New Jersey, home of Hitler's toilet

Hitler's toilet in Florence, N.J. (Photo: Hana Hawker/Tablet Magazine)

In Tablet Magazine, a most unlikely profile of Greg Kohfeldt, who ended up acquiring a little something extra when he bought Sam Carlani’s auto-repair shop in Florence, N.J. almost 20 years ago: a toilet that came off of Hitler’s biggest private yacht, the Aviso Grille.

Kohfeldt pointed out to me that the toilet has all the traits of a toilet from a ship—including an open side slot for seawater to be pumped in. The knobs on the faucet bear text written in Blackletter—the famous and classically German family of typefaces that Hitler adored. (The Nazis, in 1933, chased typographer Jan Tschichold out of Germany for advocating use of sans-serif fonts instead of Blackletter, among other design travesties.) The toilet has been a “functional tourist attraction” since 1952, Kohfeldt said. People would take road trips—as I had—just to see it. (Indeed, the toilet is listed in Roadside America’s online guide.) But last year, the toilet finally did make it to London as Hitler intended, when a British game show—Four Rooms, a lot like a British version of Antiques Roadshow—flew Kohfeldt and the toilet out to appear on the air to be sold. Although they couldn’t find a buyer, Kohfeldt said he was happy to accept the free trip and relished an opportunity to mock the Führer by taking the toilet to places Adolf only dreamed of.
Read the rest of Alexander Aciman's piece in Tablet. (HT: David Burge)


    1. He’s should post a sign on the wall behind it that says

      Hitler Shat Here

      and charge for people to sit on it and get their picture taken.

      It’s money in the bank.

  1. Sorry Tablet Magazine, but ‘Antiques Roadshow’ is the British version of ‘Antiques Roadshow’.
    Sidenote: It is (I have heard) the most popular TV show inside prison there.

    1. If you wanted to be pedantic, and we always do, then ‘Antiques Roadshow’ is the American version of ‘Antiques Roadshow. Antiques Roadshow was first broadcast in 1979, the American Antiques Roadshow was only first broadcast in 1997. The things you learn from pub quizzes.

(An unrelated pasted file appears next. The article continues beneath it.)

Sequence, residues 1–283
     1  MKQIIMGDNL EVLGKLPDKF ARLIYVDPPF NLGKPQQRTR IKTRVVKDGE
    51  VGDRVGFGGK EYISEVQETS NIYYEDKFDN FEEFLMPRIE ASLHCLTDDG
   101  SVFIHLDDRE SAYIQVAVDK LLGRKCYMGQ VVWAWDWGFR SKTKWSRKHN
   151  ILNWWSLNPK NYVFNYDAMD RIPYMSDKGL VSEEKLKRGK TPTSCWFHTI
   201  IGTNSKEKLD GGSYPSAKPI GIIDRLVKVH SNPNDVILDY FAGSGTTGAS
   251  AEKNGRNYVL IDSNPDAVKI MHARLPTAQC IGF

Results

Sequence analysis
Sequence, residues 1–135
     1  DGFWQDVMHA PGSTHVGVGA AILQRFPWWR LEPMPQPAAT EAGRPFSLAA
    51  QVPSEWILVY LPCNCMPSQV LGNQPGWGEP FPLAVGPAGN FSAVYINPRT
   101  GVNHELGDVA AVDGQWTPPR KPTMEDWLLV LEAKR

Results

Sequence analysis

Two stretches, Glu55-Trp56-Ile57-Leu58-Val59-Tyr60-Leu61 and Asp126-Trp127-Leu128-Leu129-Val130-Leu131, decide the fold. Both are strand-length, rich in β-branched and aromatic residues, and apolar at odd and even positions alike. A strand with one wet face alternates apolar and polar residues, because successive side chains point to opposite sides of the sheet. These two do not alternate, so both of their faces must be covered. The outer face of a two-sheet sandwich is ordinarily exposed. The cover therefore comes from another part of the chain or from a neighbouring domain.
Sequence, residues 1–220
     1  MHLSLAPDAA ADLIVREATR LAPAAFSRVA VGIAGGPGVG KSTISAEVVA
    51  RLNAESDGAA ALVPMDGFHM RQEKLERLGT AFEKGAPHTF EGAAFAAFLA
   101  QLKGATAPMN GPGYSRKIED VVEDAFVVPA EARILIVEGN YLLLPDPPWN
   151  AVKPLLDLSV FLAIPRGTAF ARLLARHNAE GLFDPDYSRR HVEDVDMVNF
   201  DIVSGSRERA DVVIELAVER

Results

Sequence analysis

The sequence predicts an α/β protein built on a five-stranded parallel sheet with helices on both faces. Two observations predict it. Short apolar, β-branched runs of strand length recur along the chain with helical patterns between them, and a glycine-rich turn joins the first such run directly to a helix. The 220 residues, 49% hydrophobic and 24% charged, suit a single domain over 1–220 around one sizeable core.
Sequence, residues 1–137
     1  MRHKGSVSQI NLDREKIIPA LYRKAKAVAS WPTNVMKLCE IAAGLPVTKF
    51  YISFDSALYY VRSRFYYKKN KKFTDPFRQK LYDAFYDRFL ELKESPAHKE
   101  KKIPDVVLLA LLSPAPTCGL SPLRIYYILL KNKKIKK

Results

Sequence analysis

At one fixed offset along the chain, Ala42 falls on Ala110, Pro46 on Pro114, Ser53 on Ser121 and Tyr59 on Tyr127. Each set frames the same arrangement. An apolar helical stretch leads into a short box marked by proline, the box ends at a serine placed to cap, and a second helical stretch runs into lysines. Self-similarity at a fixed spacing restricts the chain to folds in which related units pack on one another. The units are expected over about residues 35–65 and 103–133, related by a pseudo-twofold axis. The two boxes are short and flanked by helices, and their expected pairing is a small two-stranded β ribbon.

That being said, speaking as someone who has never watched either of the programmes, Four Rooms might be a version of the American version of Antiques Roadshow, if the American version changed the programme’s format in a way which Four Rooms emulates.

    2. I was going to say the same thing, but scrolled down first. For me, this just ruins the rest of the article.

  2. Imagine if the Nazis had listened to Tschichold. We might be stuck with Blackletter for daily use with Helvetica reserved for skinheads, heavy metal and gang tattoos.

    1. Funny, but not entirely true AFAIK. The Nazis loved ‘Blackletter’, only to discover later that it had been invented by a Jewish typographer, so they banned it. It’s funny and very ironic to see skinheads running around wearing t-shirts with ‘Alte Schwabacher’ aka ‘Jüdische Schwabacher’ type printed on them.

      1. I’d always heard that the ban had as much to do with the pragmatic aspects of using a type family that was more or less illegible to non-Germans for inter-Reich communication as with any possible Jewish origins. 

        (The Nazis tended to be pretty selective about what contributions to technology and culture they decided to revile as ‘Jewish’ at any given moment, and their stance shifted along with their political ambitions. See, for example, the propaganda campaign against entertainment such as syncopated kicklines and jazz as degenerate, modernist, and Jewish before coming to power, in contrast with official knockoff Tiller-Girls troupes and creation of ‘authentically German’ jazz bands afterwards.)

  3. Hitler hated Blackletter. Hated hated hated it. Called it “Schwabacher Judenletter” Schwabachian Jew letters (Schwabach being a German town where a certain kind of Blackletter supposedly originated).
    The Nazis only used Blackletter because it fit their völkische Ideology and abandoned it as soon as they could. The reason that was given for the Reichsschriftenerlaß in 1941 was that when you rule the world propaganda would have to be readable for all their subjects but actually Hitler wanted to get rid of Blackletter long before that.But the damage to the Blackletter’s image was done and so a whole, very rich canon of beautiful letterforms with over a thousand years of history was forever stigmatized. 

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